FCC Votes To Drop NFL Blackout Rule: ‘Our Job Is To Serve The Public Interest’

C.J. SpillerWASHINGTON — For years, football fans have bemoaned the rule barring NFL home games that haven’t sold out from being televised in the local market.

Well, you can’t blame the government anymore.

The Federal Communications Commission voted Tuesday to end the 1975 rule with a push from its chairman.

“We at the FCC shouldn’t be complicit in preventing sports fans from watching their favorite teams on TV,” said Chairman Tom Wheeler. “It’s time to sack the sports blackout rule.”

The vote won’t actually end blackouts, which are written into the NFL’s private contracts with broadcast and cable companies. But it means responsibility for blackouts now lies entirely with the NFL and its television partners, not the government.

Last year, only two NFL games were blacked out in local markets: The Cincinnati Bengals against the San Diego Chargers in San Diego on Dec. 1 and the Miami Dolphins vs. the Buffalo Bills in Buffalo on Dec. 22.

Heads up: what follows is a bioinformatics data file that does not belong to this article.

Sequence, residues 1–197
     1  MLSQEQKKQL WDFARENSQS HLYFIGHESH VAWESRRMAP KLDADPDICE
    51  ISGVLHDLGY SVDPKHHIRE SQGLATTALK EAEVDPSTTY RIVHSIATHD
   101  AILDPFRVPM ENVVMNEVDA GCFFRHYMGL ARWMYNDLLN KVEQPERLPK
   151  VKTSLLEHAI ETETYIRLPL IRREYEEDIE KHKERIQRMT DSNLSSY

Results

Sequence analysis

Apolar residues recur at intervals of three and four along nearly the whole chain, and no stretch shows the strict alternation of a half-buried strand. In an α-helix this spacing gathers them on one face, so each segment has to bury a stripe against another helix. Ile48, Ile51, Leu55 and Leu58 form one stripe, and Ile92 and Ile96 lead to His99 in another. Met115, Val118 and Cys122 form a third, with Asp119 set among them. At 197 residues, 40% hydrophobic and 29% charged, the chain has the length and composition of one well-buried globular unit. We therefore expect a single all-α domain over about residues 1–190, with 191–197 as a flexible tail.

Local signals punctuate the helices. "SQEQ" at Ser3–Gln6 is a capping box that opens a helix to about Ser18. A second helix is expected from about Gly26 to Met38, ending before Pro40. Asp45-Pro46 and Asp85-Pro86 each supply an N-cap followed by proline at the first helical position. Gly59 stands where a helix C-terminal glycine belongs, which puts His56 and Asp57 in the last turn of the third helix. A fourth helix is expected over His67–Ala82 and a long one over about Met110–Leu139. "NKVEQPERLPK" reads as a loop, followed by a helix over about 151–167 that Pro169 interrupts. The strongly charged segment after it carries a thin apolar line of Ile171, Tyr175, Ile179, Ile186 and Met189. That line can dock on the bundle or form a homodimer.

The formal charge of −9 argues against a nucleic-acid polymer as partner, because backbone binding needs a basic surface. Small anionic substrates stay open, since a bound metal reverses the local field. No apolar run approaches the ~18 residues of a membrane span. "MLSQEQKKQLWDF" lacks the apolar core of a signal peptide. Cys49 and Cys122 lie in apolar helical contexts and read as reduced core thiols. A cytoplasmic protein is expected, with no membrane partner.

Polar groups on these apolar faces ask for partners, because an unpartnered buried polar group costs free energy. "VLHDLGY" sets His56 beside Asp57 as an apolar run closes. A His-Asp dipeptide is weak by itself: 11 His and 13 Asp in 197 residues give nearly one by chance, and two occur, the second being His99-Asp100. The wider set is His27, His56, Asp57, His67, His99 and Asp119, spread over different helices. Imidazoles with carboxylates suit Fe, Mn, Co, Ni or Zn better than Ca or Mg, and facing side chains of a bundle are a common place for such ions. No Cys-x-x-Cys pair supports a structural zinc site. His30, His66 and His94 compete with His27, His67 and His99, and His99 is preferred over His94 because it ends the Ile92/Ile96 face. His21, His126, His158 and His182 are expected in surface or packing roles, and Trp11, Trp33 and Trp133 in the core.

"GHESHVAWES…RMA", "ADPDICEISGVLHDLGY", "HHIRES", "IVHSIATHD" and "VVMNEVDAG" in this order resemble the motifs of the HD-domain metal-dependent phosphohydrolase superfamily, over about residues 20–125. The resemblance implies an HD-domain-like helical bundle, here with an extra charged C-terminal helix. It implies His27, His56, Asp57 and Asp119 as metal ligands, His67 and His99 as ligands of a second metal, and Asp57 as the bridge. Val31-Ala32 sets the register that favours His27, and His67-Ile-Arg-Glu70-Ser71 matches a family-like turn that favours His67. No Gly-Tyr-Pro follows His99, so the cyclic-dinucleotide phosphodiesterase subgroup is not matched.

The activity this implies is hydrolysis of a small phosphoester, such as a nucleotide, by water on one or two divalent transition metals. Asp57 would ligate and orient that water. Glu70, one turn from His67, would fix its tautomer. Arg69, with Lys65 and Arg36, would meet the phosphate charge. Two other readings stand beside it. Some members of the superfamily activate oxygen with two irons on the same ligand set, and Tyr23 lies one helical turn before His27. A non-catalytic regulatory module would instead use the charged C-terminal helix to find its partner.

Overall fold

Even so, the NFL launched a lobbying campaign against the blackout repeal.

The rule has barred cable-TV stations from televising games in metro areas where those games were being blacked out on local TV. The league warned that without this rule in place, it would move more games to pay cable and away from free over-the-air broadcasts on local television stations.

The FCC commissioners were unmoved. They noted that the NFL makes plenty of money selling old-fashioned broadcast rights.

What’s more, the NFL’s TV contracts don’t expire until 2022, so it couldn’t do anything for eight years. In the meantime, Commissioner Roger Goodell and other league executives have extolled the benefits of airing games on free TV. This year, they moved some Thursday night games to CBS from the cable channel NFL Network.

The blackout rule is a vestige of a bygone era, when the NFL was hardly today’s wildly popular money-making machine. When the rule passed nearly four decades ago, just 40 percent of NFL games sold out, and teams relied on ticket sales for most of their revenue.

Now, it’s 99 percent.

“Our job is to serve the public interest, not the private interests of team owners,” FCC Commissioner Ajit Pai said.

Photo via Kevin Hoffman/USA TODAY Sports Images

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